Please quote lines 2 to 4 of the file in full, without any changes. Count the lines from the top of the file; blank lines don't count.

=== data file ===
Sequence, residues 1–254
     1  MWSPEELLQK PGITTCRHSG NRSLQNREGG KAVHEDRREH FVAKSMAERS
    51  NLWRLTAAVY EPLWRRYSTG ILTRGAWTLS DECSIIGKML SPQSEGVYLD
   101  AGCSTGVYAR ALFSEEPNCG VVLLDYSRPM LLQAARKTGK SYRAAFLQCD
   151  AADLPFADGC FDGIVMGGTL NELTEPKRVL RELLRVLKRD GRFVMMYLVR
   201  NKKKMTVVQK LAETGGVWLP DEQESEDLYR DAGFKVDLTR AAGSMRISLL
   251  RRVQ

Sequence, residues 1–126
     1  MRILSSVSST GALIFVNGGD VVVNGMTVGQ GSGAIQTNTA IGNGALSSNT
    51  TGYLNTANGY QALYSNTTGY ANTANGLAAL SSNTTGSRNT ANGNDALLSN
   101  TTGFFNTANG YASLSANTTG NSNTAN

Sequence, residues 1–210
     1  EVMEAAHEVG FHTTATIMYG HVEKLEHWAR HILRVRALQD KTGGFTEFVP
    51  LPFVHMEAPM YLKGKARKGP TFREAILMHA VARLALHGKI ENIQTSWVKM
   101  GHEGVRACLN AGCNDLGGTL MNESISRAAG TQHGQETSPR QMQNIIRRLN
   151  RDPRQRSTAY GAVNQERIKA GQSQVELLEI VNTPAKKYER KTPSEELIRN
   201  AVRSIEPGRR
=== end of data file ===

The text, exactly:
     1  MWSPEELLQK PGITTCRHSG NRSLQNREGG KAVHEDRREH FVAKSMAERS
    51  NLWRLTAAVY EPLWRRYSTG ILTRGAWTLS DECSIIGKML SPQSEGVYLD
   101  AGCSTGVYAR ALFSEEPNCG VVLLDYSRPM LLQAARKTGK SYRAAFLQCD